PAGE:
Memory is the hallmark of adaptive immunity; indeed, antigen-driven clonal expansion of effector T cells may generate antigen-specific lymphocytes that may persist life long (reviewed by Sallusto et al.18). These cells, which are known as memory cells, confer immediate and effective protection against pathogens upon antigen rechallenging; indeed, memory immune cells are selected for their higher affinity for cognate antigens, and rapidly activate from their resting state after antigen stimulation.18 Among T cells, three subtypes of memory cells have been described:18 i) TEM, that carry the protective memory because of their ability to deliver effector functions; ii) central memory T cells (TCM), that home to secondary lymphoid organs and exert reactive memory through their cross-differentiation toward TEM and effector T cells (TEFF); and iii) memory stem T cells (TSCM), which have been described as a less differentiated subset that has better self-renewal and the ability to differentiate into distinct subsets of memory T cells. Only limited data are available about memory T cells in AA. In 2009, Hu et al. reported that TEM and TEMRA (a further subset of terminally differentiated TEM characterized by CD45RA expression and by better effector function) are increased in CD4 and CD8 T-cell subsets in AA patients, while naïve T cells are decreased.19 More recently, the US National Institutes of Health group has described that even TSCM are increased in circulating CD8 T cells of AA patients.20 However, while these observations depict the broad immune derangement which is expected in an autoimmune disease such as AA, they do not provide any clues about the pathogenic role of these cells. In contrast, the demonstration of clonality within the TEM compartment shown by Giudice et al. seems pathogenically more relevant, according to the scenario depicted in Figure 1. Indeed, a clonal immune response specific for (or cross- reactive with) HSC can be elicited by unknown antigens or triggers, eventually causing some impairment of hematopoiesis. If these clonal TEFF do not undergo apoptosis (as usually occurrs in a physiological immune response), they may lead to overt AA.1 Given the plasticity of T cells, some of these clonal, antigen-specific cells may eventually acquire a TEM or a TCM functional phenotype, generating some skewing within the broad TEM repertoire, as found by Giudice et al.2 The presence of these clonal (possibly HSC-specific) TEM would account for continuous damage to the hematopoiesis, since in the presence of persistent antigen spread they may serve as a reservoir for newly-generated TEFF. Thus, irrespective of the regulatory role postulated by Giudice et al.,2 the presence of clonal TEM would represent the signature of a deeper immune derangement, possibly associated with a dismal clinical outcome.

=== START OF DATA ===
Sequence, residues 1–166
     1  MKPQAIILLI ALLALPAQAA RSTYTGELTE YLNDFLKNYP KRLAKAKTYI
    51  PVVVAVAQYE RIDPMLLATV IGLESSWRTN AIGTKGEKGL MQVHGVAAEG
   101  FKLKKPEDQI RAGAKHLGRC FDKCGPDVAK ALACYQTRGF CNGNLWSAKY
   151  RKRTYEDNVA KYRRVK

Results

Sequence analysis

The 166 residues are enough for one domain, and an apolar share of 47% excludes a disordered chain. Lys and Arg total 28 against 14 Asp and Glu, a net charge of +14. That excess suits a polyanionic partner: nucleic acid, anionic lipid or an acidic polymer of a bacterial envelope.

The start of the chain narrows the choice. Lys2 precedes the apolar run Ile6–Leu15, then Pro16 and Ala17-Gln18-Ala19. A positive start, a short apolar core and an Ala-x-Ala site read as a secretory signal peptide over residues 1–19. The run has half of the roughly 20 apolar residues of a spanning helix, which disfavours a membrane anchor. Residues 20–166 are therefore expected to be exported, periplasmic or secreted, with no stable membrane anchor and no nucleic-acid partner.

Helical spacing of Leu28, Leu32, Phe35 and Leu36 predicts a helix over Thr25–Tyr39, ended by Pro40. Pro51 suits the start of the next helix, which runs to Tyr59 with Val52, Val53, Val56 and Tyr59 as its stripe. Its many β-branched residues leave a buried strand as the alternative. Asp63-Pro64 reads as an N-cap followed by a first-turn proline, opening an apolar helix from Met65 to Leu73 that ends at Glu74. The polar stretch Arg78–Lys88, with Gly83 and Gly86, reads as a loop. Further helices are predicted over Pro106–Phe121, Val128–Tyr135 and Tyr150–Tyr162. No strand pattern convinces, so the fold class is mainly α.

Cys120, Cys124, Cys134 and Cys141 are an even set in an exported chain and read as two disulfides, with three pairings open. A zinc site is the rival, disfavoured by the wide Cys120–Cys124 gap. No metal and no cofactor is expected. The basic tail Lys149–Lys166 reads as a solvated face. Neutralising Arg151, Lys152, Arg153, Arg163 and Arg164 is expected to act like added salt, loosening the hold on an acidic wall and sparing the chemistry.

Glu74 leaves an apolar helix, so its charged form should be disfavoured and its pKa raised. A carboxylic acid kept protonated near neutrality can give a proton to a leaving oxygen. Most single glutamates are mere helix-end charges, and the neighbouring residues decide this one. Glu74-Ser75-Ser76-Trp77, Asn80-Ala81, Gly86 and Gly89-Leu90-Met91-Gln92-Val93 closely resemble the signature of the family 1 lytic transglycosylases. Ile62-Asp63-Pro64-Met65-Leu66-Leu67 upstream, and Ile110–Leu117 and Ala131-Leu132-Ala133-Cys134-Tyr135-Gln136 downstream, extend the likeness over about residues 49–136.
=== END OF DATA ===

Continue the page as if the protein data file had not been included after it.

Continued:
In conclusion, the availability of high-throughput technologies is providing biomarkers which anticipate future applications in the management of AA patients. Indeed, deep whole exome sequencing,15 CyTOF14 and deep TCR analysis2 all help to better describe the pathogenic events underlying bone marrow failure syndromes. Even if none of them translates into immediate therapeutic decisions, they are all useful to confirm the diagnosis, to determine the prognosis and possibly to monitor the clinical course of AA patients. Indeed, this latter application may be useful for early identification of refractory or relapsing patients, paving the way for pre-emptive therapeutic interventions. Moreover, the deep dissection at the clonal and at the functional levels of the immune T-cell compartment (e.g. combining CyTOF and TCR analysis) may also answer some open questions in the field. For example, the differential depletion of some specific T-cell subsets might explain the different outcome seen with different ATG preparations.3 These novel technologies may help identify the specific T-cell subsets which are crucial to the pathophysiology of AA (and possibly differentially depleted by distinct ATG brands), possibly driving the development of future targeted therapies.